I tend to think that this is the central paradox that needs to be addressed, before anyone can agree on a definition of "stealing" or "piracy."

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Old 12-26-2007, 06:31 PM   #11
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Is all of that the issue... or is the issue the fact that "young people" (Pogue's words) see pretty much no reason why downloading an illegitimately-obtained file would be wrong? That, after all, seemed to me to be the point of the article.

We've had discussions like this around here (and I fully admit, I played a part in allowing said discussion to get out of hand a few times), and based on those threads, I'd generally concur with Pogue on his conclusion: The younger you are, the less likely you consider downloading or burning something, legally obtained or not, to be "wrong."

If age really is a factor, why is that? Is it a cultural thing? I don't think so. Do young people not understand the concept of fairness? I don't think so. I think it might have more to do with young peoples' having less personal experience with "working for a living," and so do not hold the same value of another person's work as a wage-earner... they cannot (or do not) imagine themselves in the position of being the creator whose work is pirated.

It is strange, however, since young people seem intimately familiar with the concept of successful actors and musicians making money off their work, and they understand that well enough to hope to emulate it themselves someday. So how do you justify wanting to be successful in order to make money, yet pirating the works of successful artists to deny them money?

There is the concept that electronic files are "just a bunch of electrons, which are practically insubstantial, so they're essentially nothing," and therefore essentially worthless. Most arguments for the "rightness" of taking electronic content seem to reflect the idea that since it is "only electrons," they are taking "nothing," you can't make "something" out of "nothing," etc.

This concept seems to be part and parcel of the culture of the digital age, which young people have probably had more exposure to than the culture of wage-earning. In discussions on this subject in this forum, it is clear that many people accept this axiom, while others contend that it is the content held by those electrons that holds its value, and therefore they are not "just worthless electrons," but a medium for valuable content (like the paper holding the printed words of a book).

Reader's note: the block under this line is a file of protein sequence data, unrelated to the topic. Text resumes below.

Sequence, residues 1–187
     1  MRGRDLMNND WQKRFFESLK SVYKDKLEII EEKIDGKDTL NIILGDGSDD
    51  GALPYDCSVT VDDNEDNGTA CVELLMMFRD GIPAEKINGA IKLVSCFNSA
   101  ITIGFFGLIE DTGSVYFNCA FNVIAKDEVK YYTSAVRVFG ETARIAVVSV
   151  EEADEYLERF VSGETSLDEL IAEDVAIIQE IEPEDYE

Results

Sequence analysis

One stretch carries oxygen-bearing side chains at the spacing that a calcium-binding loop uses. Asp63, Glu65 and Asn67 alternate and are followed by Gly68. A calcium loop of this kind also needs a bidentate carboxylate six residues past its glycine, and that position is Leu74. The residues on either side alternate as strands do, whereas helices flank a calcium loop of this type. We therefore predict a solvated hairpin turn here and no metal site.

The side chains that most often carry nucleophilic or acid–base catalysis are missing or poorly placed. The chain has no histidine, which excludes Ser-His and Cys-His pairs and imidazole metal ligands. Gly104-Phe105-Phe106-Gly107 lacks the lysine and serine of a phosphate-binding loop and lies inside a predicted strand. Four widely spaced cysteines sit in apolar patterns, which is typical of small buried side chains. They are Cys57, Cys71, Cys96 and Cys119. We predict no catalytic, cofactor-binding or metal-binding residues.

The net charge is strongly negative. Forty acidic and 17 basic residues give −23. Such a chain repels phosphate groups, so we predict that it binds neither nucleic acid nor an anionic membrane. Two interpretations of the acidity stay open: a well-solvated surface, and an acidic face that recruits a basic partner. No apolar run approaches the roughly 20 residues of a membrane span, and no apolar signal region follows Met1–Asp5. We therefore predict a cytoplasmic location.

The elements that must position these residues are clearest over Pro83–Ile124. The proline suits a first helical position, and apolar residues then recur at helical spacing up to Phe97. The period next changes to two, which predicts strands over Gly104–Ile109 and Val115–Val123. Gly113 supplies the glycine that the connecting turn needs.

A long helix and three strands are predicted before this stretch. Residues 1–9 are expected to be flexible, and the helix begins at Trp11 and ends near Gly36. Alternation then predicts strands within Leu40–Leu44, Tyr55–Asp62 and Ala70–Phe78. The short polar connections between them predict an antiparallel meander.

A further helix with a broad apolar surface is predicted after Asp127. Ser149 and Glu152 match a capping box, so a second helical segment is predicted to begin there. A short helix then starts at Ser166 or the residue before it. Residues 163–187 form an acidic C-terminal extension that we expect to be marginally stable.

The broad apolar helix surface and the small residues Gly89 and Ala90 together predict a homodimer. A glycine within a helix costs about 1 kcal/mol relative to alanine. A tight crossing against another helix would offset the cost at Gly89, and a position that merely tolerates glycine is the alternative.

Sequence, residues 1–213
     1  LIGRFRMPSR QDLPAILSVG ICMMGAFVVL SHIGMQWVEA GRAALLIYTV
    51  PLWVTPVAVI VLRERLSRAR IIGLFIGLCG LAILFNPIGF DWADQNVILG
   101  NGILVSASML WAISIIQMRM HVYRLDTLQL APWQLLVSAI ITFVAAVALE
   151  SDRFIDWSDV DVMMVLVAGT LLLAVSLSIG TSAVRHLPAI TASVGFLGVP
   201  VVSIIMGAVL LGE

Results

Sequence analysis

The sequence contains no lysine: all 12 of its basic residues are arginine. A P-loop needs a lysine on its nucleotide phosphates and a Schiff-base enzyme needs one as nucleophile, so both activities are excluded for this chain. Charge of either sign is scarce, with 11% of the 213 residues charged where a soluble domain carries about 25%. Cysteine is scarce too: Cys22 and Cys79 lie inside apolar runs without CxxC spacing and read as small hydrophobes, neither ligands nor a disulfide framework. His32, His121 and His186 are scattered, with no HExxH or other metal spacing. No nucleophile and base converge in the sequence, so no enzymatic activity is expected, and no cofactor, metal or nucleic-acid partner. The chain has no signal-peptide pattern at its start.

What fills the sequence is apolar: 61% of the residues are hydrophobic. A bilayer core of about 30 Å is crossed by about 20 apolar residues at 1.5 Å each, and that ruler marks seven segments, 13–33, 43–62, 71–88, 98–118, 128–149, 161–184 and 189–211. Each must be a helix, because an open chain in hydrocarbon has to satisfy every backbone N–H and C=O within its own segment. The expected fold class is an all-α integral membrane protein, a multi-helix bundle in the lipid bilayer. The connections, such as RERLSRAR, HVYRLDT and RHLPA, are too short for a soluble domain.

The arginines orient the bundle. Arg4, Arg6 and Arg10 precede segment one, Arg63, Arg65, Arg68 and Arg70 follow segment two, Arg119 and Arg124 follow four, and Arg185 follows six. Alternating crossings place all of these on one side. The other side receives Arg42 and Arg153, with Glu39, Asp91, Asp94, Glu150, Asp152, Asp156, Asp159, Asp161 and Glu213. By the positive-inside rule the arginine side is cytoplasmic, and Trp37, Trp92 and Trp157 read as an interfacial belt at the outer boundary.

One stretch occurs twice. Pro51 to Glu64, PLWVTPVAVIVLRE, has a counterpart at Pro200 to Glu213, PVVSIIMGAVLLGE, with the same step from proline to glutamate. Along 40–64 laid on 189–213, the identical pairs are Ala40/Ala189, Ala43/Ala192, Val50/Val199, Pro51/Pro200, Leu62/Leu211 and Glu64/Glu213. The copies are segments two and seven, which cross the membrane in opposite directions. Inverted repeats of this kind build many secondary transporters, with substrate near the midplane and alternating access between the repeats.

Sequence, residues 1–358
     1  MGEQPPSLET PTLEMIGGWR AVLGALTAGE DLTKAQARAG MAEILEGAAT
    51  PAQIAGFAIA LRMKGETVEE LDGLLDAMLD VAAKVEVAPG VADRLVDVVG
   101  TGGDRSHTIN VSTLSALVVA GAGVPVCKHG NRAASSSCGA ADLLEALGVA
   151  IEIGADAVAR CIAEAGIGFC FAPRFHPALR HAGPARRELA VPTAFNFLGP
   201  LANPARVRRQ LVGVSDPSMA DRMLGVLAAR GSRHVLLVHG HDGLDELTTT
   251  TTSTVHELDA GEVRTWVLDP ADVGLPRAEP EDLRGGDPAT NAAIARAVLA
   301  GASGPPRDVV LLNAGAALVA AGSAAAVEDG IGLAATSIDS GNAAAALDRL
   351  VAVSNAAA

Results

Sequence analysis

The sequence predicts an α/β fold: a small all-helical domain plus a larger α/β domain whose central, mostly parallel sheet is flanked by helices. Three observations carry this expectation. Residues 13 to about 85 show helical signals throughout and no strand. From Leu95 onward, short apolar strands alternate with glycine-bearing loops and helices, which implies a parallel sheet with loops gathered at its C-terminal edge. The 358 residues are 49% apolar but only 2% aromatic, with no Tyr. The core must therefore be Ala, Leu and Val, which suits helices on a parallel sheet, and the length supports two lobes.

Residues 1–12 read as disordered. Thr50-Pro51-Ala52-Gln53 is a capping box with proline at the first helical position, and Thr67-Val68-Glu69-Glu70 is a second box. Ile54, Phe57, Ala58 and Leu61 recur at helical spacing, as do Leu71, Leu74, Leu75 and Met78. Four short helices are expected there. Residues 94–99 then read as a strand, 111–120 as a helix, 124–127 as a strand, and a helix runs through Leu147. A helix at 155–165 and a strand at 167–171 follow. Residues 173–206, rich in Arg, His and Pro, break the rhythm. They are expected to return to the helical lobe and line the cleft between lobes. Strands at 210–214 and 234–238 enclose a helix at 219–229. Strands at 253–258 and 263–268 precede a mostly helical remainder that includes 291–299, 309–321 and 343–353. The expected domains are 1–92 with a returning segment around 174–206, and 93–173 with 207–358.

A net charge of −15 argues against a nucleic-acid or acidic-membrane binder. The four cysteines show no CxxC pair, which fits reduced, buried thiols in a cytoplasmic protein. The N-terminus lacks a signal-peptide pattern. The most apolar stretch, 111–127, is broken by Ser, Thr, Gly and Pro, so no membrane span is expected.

I tend to think that this is the central paradox that needs to be addressed, before anyone can agree on a definition of "stealing" or "piracy."
Certainly this is one paradox. The other is that morals is a learned or taught value. The schools no longer teach it, homes don't teach it and heaven forbid that the church should say anything except to members. Adults tend to understand morals after they mature a bit but children has no concept.

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Old 12-26-2007, 10:06 PM   #12
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Certainly this is one paradox. The other is that morals is a learned or taught value. The schools no longer teach it, homes don't teach it and heaven forbid that the church should say anything except to members. Adults tend to understand morals after they mature a bit but children has no concept.
I think most kids understand that "stealing is wrong" (whether they get caught or not, and that's certainly another issue to address). What they don't see is how taking any electronic file can be considered "stealing," and I think that is directly because of their perception of an electronic file as "essentially nothing."
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Old 12-26-2007, 10:59 PM   #13
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Adding to Steve's comments, young people (of all ages) see little wrong with taking an ebook since they can also get the hardcover book free from the library. Around here the libraries also loan out CDs, DVDs, and a host of other things. This sets up the paradox that it is OK to read the book for free from the library but it is not OK to read the free electronic file.

I think it goes beyond the concept that it is a bunch of electrons; for many it has become a game of collecting and showing off. I looked at the darknet in the newsgroups that a fellow member pointed out to me when one person (or at least one user name) was posting ebooks from the MobileRead download area. There were people posting hundreds and thousands of ebooks almost in a "show me yours and I'll show you mine" type of competition. (One user name posted over 5,000 ebooks within a week.)

Yeah, books are pirated; its just that the pirates don't read them.